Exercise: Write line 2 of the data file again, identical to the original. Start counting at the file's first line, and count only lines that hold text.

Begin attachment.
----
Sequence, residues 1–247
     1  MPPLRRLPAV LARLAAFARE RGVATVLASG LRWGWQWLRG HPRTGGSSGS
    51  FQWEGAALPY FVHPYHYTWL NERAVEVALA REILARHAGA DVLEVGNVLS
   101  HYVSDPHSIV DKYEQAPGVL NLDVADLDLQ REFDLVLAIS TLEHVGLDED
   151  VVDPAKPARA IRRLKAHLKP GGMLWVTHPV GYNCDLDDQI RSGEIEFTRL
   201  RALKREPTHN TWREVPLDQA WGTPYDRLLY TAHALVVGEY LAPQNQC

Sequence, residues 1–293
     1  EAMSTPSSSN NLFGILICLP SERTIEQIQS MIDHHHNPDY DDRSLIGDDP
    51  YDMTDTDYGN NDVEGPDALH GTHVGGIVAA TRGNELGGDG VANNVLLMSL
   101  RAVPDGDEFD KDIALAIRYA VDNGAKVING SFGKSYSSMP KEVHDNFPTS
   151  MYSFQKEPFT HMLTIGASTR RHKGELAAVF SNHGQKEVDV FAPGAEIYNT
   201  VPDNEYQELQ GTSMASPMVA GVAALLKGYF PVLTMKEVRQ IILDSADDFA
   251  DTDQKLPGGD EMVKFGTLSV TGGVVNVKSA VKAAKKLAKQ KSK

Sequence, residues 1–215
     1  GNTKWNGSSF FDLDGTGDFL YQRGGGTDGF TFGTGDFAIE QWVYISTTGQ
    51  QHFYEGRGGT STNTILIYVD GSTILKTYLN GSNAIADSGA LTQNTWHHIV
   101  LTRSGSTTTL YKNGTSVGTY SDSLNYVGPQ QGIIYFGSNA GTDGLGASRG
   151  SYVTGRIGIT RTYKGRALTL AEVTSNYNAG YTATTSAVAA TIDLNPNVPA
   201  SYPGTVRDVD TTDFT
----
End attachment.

     1  MPPLRRLPAV LARLAAFARE RGVATVLASG LRWGWQWLRG HPRTGGSSGS